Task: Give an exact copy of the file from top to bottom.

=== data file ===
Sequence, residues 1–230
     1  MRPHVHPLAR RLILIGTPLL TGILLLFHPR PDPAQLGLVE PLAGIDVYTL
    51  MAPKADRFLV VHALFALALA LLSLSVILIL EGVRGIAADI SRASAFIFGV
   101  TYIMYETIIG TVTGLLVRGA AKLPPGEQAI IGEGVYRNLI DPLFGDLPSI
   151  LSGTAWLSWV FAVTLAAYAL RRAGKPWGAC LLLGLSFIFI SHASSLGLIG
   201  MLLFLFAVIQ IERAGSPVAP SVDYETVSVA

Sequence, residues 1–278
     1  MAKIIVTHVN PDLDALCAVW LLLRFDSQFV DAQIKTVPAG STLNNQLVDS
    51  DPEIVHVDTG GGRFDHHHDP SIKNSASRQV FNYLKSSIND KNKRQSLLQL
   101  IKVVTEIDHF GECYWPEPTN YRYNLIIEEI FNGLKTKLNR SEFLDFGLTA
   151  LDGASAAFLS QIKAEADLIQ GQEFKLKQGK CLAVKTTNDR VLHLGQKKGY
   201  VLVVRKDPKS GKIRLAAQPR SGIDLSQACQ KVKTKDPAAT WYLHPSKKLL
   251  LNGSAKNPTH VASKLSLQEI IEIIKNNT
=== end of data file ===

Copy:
Sequence, residues 1–230
     1  MRPHVHPLAR RLILIGTPLL TGILLLFHPR PDPAQLGLVE PLAGIDVYTL
    51  MAPKADRFLV VHALFALALA LLSLSVILIL EGVRGIAADI SRASAFIFGV
   101  TYIMYETIIG TVTGLLVRGA AKLPPGEQAI IGEGVYRNLI DPLFGDLPSI
   151  LSGTAWLSWV FAVTLAAYAL RRAGKPWGAC LLLGLSFIFI SHASSLGLIG
   201  MLLFLFAVIQ IERAGSPVAP SVDYETVSVA

Sequence, residues 1–278
     1  MAKIIVTHVN PDLDALCAVW LLLRFDSQFV DAQIKTVPAG STLNNQLVDS
    51  DPEIVHVDTG GGRFDHHHDP SIKNSASRQV FNYLKSSIND KNKRQSLLQL
   101  IKVVTEIDHF GECYWPEPTN YRYNLIIEEI FNGLKTKLNR SEFLDFGLTA
   151  LDGASAAFLS QIKAEADLIQ GQEFKLKQGK CLAVKTTNDR VLHLGQKKGY
   201  VLVVRKDPKS GKIRLAAQPR SGIDLSQACQ KVKTKDPAAT WYLHPSKKLL
   251  LNGSAKNPTH VASKLSLQEI IEIIKNNT